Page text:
Before COVID19 hit the world, we had lots of volunteers at our wildlife centre. Though they’ve all been gone since March, when they were with us, we sat down with vet extern Hayley to learn what her time with Lilongwe Wildlife Trust was like.
My name is Haley and I’m a vet from Australia. I came to Malawi to do some normal volunteer stuff like feeding and all that but also to do a bit of vet work. So far I’ve done a few health checks on the baby monkeys we have and also exams on a tortoise, a hegehog, a parrot, lots of random wildlife. You never know what rescues are going to come in or when!
So far it’s really been as I was hoping it would be. A lot of sanctuaries advise rehab and release but they can end up having a very zoo vibe and not really doing the release side.
I have a little bit of an obsession with panoglins so it was so special to see one – she was here when I first arrived. And beyond that I’ve really enjoyed spending time with Tao, an orphan baby monkey. Watching him get more confrotable with his foster mum. I’m reading a book at the moment called Poached. It’s all about the illegal widllfie trade and it all really gets put into perspective being here. Tao was being sold on the side of the road you know. So to be able to actually be in a position to help those animals is incredible.
I’ve also done a bit of enrichment and some of the intergrations too. It’s been really amazing to witness every state of the process – from the rescue, to the rehabilitaion and release of others. You know. Feeding the small babies, introductions to foster mums, watching the little ones intergrate together and releasing the juvenile male vervets. Actually watching the slides being open for the first time for a small group whose been living on the fence line of a larger troop but that haven’t interacted yet. Watching what happens when they can run through to each other and learning all the behaviours was really, really interesting. And the enrichment prep – that’s such a craft day right – like being a kid again creating puzzles and things.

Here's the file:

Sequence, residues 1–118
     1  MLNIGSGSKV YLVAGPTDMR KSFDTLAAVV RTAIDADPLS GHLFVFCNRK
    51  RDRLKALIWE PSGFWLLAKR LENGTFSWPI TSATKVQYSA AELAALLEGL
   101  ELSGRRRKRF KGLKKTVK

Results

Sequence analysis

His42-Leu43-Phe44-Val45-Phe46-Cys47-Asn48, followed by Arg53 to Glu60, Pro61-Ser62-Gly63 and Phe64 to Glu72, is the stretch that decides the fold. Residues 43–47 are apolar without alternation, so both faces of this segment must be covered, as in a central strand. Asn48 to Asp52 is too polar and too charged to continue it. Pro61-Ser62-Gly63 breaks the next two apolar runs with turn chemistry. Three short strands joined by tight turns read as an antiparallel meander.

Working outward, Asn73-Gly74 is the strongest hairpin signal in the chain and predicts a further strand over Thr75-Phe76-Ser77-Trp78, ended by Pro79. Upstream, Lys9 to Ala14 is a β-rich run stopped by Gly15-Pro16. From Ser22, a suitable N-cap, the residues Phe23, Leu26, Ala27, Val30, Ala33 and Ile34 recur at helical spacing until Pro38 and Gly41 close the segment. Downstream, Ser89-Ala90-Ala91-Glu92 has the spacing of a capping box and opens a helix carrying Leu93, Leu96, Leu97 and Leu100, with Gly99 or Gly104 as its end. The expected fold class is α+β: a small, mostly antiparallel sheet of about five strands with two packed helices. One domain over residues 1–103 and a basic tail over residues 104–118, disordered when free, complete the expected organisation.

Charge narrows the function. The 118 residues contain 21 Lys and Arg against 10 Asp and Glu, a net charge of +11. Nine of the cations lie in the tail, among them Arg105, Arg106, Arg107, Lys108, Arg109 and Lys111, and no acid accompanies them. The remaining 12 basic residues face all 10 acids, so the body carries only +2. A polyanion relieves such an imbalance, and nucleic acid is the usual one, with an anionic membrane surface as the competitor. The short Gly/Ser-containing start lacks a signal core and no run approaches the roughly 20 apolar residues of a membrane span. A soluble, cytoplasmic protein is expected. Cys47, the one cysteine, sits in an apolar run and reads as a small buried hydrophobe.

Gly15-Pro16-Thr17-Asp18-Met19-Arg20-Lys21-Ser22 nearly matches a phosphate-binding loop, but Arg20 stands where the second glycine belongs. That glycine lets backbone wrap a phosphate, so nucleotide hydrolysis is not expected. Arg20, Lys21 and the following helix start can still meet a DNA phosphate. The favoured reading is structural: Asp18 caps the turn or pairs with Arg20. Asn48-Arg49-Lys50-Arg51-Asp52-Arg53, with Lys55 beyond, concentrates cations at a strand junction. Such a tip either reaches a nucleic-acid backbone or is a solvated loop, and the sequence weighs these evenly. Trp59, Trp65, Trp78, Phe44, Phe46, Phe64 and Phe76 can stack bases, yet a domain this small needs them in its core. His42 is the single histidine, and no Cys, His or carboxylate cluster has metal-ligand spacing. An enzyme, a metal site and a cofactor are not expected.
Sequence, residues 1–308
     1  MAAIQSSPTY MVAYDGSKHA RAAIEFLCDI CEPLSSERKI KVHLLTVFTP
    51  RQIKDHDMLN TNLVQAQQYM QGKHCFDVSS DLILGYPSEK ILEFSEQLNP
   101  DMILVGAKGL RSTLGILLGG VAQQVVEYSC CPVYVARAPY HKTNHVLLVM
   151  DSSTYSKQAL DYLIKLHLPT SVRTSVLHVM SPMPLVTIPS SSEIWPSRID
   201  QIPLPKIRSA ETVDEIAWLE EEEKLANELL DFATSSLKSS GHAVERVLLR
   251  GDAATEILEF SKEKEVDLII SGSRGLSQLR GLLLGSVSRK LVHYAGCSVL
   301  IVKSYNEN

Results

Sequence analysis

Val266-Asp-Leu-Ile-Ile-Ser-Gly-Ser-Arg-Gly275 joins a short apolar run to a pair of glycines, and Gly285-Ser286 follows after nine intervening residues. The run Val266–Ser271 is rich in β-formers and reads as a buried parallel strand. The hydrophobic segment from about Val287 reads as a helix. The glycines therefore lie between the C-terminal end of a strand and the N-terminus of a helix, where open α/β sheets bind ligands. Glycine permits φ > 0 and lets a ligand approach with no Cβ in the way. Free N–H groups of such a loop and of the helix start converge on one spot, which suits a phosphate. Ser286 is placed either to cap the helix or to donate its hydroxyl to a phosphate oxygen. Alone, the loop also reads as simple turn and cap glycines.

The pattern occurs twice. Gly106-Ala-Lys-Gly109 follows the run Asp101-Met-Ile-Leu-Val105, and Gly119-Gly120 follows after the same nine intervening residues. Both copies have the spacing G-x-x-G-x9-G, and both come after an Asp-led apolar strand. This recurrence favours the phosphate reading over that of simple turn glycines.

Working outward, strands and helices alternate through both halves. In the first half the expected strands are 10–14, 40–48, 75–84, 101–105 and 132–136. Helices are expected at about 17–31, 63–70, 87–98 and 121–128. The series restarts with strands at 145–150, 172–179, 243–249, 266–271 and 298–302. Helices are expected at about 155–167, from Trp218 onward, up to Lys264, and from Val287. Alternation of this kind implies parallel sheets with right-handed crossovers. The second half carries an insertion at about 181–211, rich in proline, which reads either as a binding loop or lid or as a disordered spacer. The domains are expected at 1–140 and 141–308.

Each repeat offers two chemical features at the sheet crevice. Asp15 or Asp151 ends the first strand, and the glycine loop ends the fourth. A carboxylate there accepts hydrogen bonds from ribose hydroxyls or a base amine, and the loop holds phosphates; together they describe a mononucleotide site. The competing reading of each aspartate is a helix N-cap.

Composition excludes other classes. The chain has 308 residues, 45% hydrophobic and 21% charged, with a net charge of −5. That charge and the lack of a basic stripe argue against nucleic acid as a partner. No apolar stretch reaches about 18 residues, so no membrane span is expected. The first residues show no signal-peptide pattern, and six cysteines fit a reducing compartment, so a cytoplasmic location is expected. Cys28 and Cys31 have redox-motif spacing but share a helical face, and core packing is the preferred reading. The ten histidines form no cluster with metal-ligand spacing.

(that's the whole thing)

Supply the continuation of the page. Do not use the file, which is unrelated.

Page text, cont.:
I’ve enjoyed meeting other volunteers too. Right now there are people from the UK, Belgium, Switzerland and the States. Some are vet nurses or conservation workers. But others don’t have jobs in any animal field and love it equally. It’s a real boiling pot of different life experiences.
I always wanted to work with wildlife. Well like from when I was five years old. So this trip is kind of one way to help me to figure out where I’d want to be with it all – out in the field, in a sanctuary clinic or whatever. It’s a work in progress. And it’s one I’m really enjoying.